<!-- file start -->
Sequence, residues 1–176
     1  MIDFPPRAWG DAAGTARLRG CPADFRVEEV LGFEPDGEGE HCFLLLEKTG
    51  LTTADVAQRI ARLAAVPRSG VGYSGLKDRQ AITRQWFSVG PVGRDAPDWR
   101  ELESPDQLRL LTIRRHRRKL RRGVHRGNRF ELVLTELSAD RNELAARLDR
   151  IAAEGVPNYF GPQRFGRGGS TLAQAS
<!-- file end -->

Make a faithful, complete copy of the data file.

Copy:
Sequence, residues 1–176
     1  MIDFPPRAWG DAAGTARLRG CPADFRVEEV LGFEPDGEGE HCFLLLEKTG
    51  LTTADVAQRI ARLAAVPRSG VGYSGLKDRQ AITRQWFSVG PVGRDAPDWR
   101  ELESPDQLRL LTIRRHRRKL RRGVHRGNRF ELVLTELSAD RNELAARLDR
   151  IAAEGVPNYF GPQRFGRGGS TLAQAS